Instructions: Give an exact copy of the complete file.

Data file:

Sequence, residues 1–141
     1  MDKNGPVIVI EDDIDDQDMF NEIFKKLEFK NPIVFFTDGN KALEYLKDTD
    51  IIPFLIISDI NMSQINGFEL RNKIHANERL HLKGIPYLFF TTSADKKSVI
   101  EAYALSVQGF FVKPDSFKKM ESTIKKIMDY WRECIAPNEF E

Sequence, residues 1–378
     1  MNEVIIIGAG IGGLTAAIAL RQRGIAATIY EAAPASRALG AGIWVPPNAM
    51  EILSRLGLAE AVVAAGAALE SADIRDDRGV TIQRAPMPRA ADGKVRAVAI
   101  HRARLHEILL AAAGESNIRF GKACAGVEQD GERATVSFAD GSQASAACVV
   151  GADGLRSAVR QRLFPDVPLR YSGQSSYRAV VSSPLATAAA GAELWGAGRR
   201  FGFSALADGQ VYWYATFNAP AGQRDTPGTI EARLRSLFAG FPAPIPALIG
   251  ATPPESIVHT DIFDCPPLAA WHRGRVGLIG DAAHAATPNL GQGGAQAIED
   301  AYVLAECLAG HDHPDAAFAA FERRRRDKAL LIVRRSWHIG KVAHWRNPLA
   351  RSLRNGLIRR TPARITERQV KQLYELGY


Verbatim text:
Sequence, residues 1–141
     1  MDKNGPVIVI EDDIDDQDMF NEIFKKLEFK NPIVFFTDGN KALEYLKDTD
    51  IIPFLIISDI NMSQINGFEL RNKIHANERL HLKGIPYLFF TTSADKKSVI
   101  EAYALSVQGF FVKPDSFKKM ESTIKKIMDY WRECIAPNEF E

Sequence, residues 1–378
     1  MNEVIIIGAG IGGLTAAIAL RQRGIAATIY EAAPASRALG AGIWVPPNAM
    51  EILSRLGLAE AVVAAGAALE SADIRDDRGV TIQRAPMPRA ADGKVRAVAI
   101  HRARLHEILL AAAGESNIRF GKACAGVEQD GERATVSFAD GSQASAACVV
   151  GADGLRSAVR QRLFPDVPLR YSGQSSYRAV VSSPLATAAA GAELWGAGRR
   201  FGFSALADGQ VYWYATFNAP AGQRDTPGTI EARLRSLFAG FPAPIPALIG
   251  ATPPESIVHT DIFDCPPLAA WHRGRVGLIG DAAHAATPNL GQGGAQAIED
   301  AYVLAECLAG HDHPDAAFAA FERRRRDKAL LIVRRSWHIG KVAHWRNPLA
   351  RSLRNGLIRR TPARITERQV KQLYELGY